had a reason for inviting him, but would then wait for me to tell
him what that reason was. Vulcans, I thought, understood the
virtue of patience.
When we were done and I had put the plates in the recycler,
I walked over to the corner where I had put the new Talking
Stick. Carrying it back, I set it in his hands.
He studied it with great interest and a slowly dawning
realization that it was for him. I suppose the Announcer on top
rather gave it away; I had carved it with Vulcan-pointed ears.
“This is a k’chanka interlock pattern,” he said. “And this–this
is Ntara.” He twisted to look at me, his expression as close to
wonder as I had ever seen it. “Ntara is the sigal of my home
province.” I just nodded. He returned to his study, naming
each of the patterns I had carved into the wood. Finally, he
looked at me and said, “I do not understand.”
“Did I get something wrong?” I had spent hours researching,
but I still did not know much about Vulcan symbolism. I had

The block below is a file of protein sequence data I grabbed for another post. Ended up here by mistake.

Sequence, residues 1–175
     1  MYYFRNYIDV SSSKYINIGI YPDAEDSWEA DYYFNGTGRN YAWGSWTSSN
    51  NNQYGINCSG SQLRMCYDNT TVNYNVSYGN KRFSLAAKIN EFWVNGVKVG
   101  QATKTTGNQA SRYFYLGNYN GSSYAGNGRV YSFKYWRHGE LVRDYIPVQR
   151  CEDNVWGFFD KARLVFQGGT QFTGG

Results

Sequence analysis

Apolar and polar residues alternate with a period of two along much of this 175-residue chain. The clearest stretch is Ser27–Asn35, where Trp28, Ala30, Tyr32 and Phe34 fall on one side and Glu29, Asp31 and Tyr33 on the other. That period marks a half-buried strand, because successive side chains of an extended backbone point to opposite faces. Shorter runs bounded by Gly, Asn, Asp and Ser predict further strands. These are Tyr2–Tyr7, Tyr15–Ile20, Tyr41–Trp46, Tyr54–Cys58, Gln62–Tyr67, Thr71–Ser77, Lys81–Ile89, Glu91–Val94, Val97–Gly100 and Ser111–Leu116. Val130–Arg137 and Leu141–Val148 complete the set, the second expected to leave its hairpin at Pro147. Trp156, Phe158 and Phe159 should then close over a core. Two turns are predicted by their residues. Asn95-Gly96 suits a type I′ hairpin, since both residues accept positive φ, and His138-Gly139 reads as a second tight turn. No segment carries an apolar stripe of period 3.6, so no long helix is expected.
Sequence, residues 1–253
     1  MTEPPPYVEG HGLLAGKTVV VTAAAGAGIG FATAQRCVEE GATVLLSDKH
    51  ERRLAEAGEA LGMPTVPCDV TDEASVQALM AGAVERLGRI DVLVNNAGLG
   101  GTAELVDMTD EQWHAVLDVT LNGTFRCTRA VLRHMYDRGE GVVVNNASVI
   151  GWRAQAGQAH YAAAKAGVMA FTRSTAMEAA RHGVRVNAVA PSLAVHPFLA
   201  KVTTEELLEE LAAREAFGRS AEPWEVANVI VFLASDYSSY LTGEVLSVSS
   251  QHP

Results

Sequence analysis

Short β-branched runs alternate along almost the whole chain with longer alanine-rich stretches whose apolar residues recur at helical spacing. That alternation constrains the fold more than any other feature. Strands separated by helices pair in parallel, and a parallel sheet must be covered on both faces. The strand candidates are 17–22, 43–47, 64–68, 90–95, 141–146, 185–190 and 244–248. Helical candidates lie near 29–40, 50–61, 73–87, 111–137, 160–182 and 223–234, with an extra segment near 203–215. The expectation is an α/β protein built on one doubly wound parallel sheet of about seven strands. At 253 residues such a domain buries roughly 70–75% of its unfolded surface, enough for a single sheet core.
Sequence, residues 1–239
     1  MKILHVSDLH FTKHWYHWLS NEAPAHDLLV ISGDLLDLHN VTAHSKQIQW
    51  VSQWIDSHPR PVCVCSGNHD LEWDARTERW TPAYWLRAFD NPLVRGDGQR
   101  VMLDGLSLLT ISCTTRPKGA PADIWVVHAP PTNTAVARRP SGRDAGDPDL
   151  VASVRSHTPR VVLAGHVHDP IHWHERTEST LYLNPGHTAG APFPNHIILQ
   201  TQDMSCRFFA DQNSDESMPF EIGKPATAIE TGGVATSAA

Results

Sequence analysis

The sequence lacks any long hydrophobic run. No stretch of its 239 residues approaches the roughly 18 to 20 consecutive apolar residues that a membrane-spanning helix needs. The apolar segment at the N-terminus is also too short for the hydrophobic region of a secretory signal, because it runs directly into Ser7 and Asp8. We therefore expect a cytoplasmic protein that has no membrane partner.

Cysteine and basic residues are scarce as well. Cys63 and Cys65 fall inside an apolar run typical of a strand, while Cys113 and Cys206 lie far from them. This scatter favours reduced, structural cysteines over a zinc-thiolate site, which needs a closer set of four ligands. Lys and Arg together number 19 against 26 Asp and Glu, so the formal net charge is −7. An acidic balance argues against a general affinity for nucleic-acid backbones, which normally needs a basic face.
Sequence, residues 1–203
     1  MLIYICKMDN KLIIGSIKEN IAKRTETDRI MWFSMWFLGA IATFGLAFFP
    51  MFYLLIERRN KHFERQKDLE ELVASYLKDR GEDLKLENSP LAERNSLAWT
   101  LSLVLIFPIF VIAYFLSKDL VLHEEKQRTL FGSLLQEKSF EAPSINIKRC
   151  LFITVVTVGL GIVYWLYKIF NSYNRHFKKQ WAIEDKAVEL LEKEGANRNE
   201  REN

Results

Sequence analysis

feared I might get something wrong.
“There is nothing incorrect.” He ran a hand down the stick,
feeling the slide of wood against skin. “But this is a work of
many hours, and it was clearly made with me in mind. Yet I do
not understand why you would…go to such trouble.”
I nodded at the stick in his hands. “I was given my
father’s Talking Stick so that I might speak for my people. I’ve
ended up doing that in a way I never expected. But while I may
be the only Indian in the area, I’m hardly the only human. You
are the only Vulcan. You speak for your people, so it seemed
fitting that you have a Talking Stick.”
He continued to look at me for a long time. Finally, he
said, “But I am not the only person on Voyager who is the sole
representative of his or her race. Neelix, Kes….”
I waved my hand to cut him off. I couldn’t explain to him
why I knew he needed the stick and they did not. It was an
instinctive knowledge, a gut-reaction; it didn’t bear analyzing.
“Perhaps I’ll make sticks for them some time. I enjoy carving.
But it just seemed fitting to me that you have a Talking Stick.”
He appeared to accept that he would get nothing more from me
on the matter and rose, the stick in the crook of his arm. “I
bid you good-night, Commander. I thank you for dinner, and for
this”–he held up the stick. Then he left. When the door shut,
it occurred to me that his thanks had been straightforward–no
coming at it sideways to emphasize Vulcan logic and belittle
human emotions.